The objects stored in the storage cabinets of ethnological museums and the stacks of libraries and in archives are more than just silent witnesses to histories of appropriation, circulation and reinterpretation. These objects are the material manifestations of relationships between people, plants, ancestors, and other beings and territories. Even in their temporary status as collection objects, they have the potential to connect different life-worlds, forms of knowledge and knowledge practices, and thereby to return to life themselves – a life that transcends the walls of the institutions that house them. This requires the development of appropriate formats and tools. The Amazon Basin as a Laboratory for the Future is an object-based pilot project that seeks to overcome disciplinary, institutional and spatial boundaries and to create digital and analogue spaces for networking, mutual understanding and communication.
By way of a close collaboration between Brazilian and German partners, the project will also involve the development of a suite of digital tools. From different perspectives, they bundle and connect information on collection objects. One of the central challenges is to convey the diverse approaches in all their complexity. The aim of this is to overcome the historical divisions between collection institutions. Disciplinary and institutional logics of organisation and classification are taken into account as well as indigenous forms of knowledge and the practices associated with them. Historical ethnographic and botanical collections from the Brazilian Amazon region serve as case studies, along with contextualising cultural-historical collections (including material such as field notes, photographs, maps, audio recordings, films and secondary literature). These artefacts, plants, and documents have been collected over the last 200 years and stored at the Ethnologisches Museum, the Botanischer Garten und Botanisches Museum Berlin and the Ibero-Amerikanisches Institut, where they have been classified, conserved and restored, and research has been carried out on them. Only a part of these extensive collections has been explored in greater depth and is digitally accessible. To date, little work has been done to link up the collections of different institutions from different regions.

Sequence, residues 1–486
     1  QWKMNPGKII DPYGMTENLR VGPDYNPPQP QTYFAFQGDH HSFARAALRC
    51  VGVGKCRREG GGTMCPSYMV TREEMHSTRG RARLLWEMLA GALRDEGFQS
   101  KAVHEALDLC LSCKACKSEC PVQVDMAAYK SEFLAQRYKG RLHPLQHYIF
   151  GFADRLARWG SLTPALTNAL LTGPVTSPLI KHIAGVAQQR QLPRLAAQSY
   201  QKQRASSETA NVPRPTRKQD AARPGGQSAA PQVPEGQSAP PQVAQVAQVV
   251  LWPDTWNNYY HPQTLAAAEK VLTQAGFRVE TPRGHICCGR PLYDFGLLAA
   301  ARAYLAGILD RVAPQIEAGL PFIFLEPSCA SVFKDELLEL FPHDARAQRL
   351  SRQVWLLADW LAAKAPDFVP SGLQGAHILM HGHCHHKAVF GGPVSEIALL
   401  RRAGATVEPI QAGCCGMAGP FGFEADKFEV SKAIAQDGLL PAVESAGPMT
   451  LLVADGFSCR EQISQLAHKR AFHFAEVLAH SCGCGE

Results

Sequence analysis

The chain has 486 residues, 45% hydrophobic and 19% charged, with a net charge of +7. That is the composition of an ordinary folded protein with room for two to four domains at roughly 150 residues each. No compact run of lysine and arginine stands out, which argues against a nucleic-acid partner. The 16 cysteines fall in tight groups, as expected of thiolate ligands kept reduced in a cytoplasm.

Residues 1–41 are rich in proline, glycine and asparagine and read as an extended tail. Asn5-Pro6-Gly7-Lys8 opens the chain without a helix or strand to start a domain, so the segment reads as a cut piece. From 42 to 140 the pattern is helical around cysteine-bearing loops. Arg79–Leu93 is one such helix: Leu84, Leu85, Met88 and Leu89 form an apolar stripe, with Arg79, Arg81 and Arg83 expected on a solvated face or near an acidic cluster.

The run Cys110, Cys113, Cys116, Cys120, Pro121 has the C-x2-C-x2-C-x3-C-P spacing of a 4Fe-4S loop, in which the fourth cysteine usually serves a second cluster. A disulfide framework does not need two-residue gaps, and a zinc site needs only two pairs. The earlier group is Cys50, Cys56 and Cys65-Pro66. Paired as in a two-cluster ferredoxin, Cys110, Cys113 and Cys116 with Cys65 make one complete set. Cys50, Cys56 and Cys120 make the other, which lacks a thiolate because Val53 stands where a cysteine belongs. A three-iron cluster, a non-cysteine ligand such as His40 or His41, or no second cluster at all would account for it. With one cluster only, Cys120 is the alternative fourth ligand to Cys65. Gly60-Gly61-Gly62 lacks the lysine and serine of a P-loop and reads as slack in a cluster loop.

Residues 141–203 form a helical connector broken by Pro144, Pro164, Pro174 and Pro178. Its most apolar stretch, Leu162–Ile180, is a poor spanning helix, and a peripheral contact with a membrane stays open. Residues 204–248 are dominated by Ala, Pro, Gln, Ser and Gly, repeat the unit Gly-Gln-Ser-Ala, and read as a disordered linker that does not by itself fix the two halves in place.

The primary aim of the project is to use the possibilities of digital formats and tools to allow people and institutions to communicate, exchange ideas and build networks that bring together a range of perspectives, knowledge practices and social contexts, in order to jointly create new forms of knowledge. This networked knowledge will be made accessible to the public, emphasizing its procedural nature through interactive formats of exploration and participation. The resulting tools will then be made freely available and can be used or further developed by other communities and institutions that are engaged in the field of participatory cultural education.
This joint project is part of the Forschungscampus Dahlem SPK, in which various SPK institutions are working together with selected external partners.
Project management: Dr. Andrea Scholz (Ethnologisches Museum)
SPK partners: Prof. Dr. Barbara Göbel, Ibero-American Institute (SPK); Dr. Patricia Rahemipour, Institut für Museumsforschung
External partners: Prof Dr Thomas Borsch, Botanischer Garten und Botanisches Museum (Freie Universität Berlin), Berlin; Dr Thiago da Costa Oliveira (Alexander von Humboldt Foundation postdoctoral fellow at the Ethnologisches Museum Berlin); Prof Dr Carlos Fausto, Museu Nacional Rio de Janeiro (Universidade Federal de Rio de Janeiro), Rio de Janeiro, Brazil;
Digital partner: Prof. Dr. Marian Dörk, Nadia Zeissig, Fidel Thomet, Urban Complexity Lab (University of Applied Sciences Potsdam).
Funding: Digital Fund of the German Federal Cultural Foundation
Duration: January 2020 to December 2023